51. My participation in blogphere has increased since December when I got a laptop so dont have to sit in the uncomfortable other room anymore. Consequently, I spend more time looking at blogs and I have made a conscious effort to welcome as many new bloggers to Blotanical as I can. I also have been faving a few of the new ones which look interesting to me and leave comments regularly. But I think it is important for new bloggers to realise that to get an audience not only do they have to update their blog regularly but they have to leave comments on other blogs and so become part of the community - it is a 2 way thing

  52. Much food for thought there Jodi. After blogging for a year I am not sure whether I qualify as a newbie anymore :) I remember that when I started I was delighted and still are by people who took the time to comment on my blog posts. I know that there is never going to be enough time to discover all the blogs on Blotanical let alone comment on them. I do try to visit anybody who stops to visit me. However this does not necessarily spread the word when I discover a new blog. I am going to give some thought about how I can do this - maybe a variation on Teza's idea :) Time to put the thinking cap on.

  53. You are all awesome, you know that, don't you? Such good ideas and such supportive attitudes. The next couple of days are really busy for me, but I will try to get a post up gathering some of these ideas. PLUS I'm going to do an explanatory post to Blogspot bloggers, explaining what the problem is with the embedded comments. I took screen shots at one site yesterday but have been busy working today plus reading the occasional blog post myself. And leaving comments, naturally.

  54. Hi Jodi, I'm so glad to have come across your post tonight. I have been 'absent' from picking at Blotanical since November, but for the first time tonight, I went through and read some posts through the site and made some picks. But I must say that I get so 'tense' in doing so, because it takes FOREVER! The time to jump from the list to the post then to pick it and back to the list really takes quite a while...and I found myself thinking how silly I am to take so much time doing it! I 'want' to do it, but it took over 2 hours and I only got through part of the new blogs and part of my favorites. That just confirmed why I don't generally do it, yet, at the same time, I really enjoy all of the people I've met through Blotanical and love so many of the blogs. I've met some new bloggers through my FB connections, which has been another social network that takes up time... Do you ever feel like your fingers are glued to the keyboard?!?! Anyway, I like the idea of a 'meme', bringing new bloggers to attention that way; AND, I like the idea of doing a post now and then 'featuring' a new blogger. That's something I will consider doing. On to another thought:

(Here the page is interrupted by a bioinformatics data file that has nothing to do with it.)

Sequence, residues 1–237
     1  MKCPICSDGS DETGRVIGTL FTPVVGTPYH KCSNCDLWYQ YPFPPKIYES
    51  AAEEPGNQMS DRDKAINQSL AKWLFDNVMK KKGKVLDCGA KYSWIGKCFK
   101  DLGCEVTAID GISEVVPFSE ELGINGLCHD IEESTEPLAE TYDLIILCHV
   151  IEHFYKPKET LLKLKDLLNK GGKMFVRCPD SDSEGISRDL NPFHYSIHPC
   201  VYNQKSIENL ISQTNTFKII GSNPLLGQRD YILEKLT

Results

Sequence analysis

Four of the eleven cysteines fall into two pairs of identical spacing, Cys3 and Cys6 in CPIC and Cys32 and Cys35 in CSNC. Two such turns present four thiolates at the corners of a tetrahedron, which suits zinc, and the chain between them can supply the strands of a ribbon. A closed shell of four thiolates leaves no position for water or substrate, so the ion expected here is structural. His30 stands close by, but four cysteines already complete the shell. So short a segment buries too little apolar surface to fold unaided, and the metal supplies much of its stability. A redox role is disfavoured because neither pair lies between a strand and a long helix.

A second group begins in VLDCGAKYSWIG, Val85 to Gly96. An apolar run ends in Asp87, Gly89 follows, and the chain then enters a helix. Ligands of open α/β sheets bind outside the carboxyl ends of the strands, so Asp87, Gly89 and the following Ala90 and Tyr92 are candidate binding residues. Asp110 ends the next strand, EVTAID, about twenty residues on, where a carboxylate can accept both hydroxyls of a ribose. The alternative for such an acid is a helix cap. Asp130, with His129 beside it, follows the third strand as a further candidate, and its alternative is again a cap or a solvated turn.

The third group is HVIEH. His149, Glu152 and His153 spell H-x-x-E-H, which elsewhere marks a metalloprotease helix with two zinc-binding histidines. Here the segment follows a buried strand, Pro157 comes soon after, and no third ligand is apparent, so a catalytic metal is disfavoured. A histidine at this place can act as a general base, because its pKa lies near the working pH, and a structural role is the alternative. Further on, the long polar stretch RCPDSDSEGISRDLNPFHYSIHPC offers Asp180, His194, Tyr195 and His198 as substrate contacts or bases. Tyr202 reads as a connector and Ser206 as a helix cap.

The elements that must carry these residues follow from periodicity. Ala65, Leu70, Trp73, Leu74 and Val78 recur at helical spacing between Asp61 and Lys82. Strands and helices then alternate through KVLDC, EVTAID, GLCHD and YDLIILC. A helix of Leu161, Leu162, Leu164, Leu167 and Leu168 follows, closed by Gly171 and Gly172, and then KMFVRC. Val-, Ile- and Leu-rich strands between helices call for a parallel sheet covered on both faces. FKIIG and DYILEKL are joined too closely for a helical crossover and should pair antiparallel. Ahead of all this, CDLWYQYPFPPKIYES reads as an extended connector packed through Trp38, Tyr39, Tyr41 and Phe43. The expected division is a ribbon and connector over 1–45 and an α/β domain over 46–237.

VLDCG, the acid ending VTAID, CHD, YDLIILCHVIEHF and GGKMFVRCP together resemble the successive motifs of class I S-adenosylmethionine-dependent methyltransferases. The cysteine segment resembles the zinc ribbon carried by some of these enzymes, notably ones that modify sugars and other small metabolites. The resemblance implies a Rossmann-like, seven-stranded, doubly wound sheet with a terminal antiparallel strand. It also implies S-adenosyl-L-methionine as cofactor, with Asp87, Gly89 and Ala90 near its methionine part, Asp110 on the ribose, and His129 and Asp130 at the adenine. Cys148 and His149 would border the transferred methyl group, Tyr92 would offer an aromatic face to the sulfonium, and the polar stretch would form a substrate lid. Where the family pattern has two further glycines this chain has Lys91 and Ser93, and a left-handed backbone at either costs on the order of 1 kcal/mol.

For some reason, my last blogpost didn't go through the feed at Blotanical...and I would like to get the word out about that particular post, because it is announcing a Give Away that I'm having, related to sustainable living practices (in recognition of earth day). I'm asking folks to write a post about their own practices & leave me a comment with a link & I will add it to my sidebar...plus, bloggers are then eligible for the garden product--it's a pair of landscaping gloves, made out of recycled plastic bottles...I'm still trying to get 1 more gift to add to this. Stay tuned...it' might be a big one! I hope you will participate;-) Jan

  55. Great post, Jodi, and a lot of food for thought. I used to visit and welcome each new Blotanical member, but I rarely use Blotanical anymore just because of the time factor. I'm really hoping that Stuart has success in figuring out a way to streamline it and make it faster. I loved using it and miss it. (I'm not meaning to be critical in any way at all of Stuart or Blotanical).

    I'll make a special effort to stop by Blotanical more frequently just to visit some of the new blogs!

    Regarding comments: I tend not to leave comments on blogs that require my name, email and URL every time. Some blogs save the information but others don't.

    I look forward to seeing your follow-up post on this topic!

  56. Well Jodi, it looks as though your post drew a few [!] comments. LOL I would like to read through them but I promised hubby I'd get off the computer at 10 and it's 10:37. I'll be back. But first I'll offer my two bits. I agree. It tugs my heart when I see a blog with one or two comments and three or four followers. Immediately I want to chime in and encourage the author and hopefully I'm doing an adequate job of it.

    Not long ago I was reading a Google/Blogger forum in an effort to resolve an issue. Naturally I got sidetracked and ended up on a newbie thread. The question was posed, "How do I get more readers?" I felt compelled to offer my two bits because as a blogger who, in a year's time has gone from zero to 102 followers [at that time] I felt I could write with some measure of authority on the subject. I replied that the best way to get followers is to be a follower. The timeless principle applies: Spend less time talking and more time listening. Become friends with fellow bloggers. I haven't checked back to see if there was a response to my reply.

    One more thing on this subject: I think that in some ways Blotanical has done a disservice to bloggers. To some extent with the awards and picks and faves we're unwittingly being pitted against each other. It appears to me that certain bloggers have made it a priority to be number one in popularity. That's fine for them but I left high school too many years ago to count. I want no part of it. This is why I didn't take part in the Blot awards last year. As I state in my sidebar "In my book, everyone's a winner." ...'nuf said.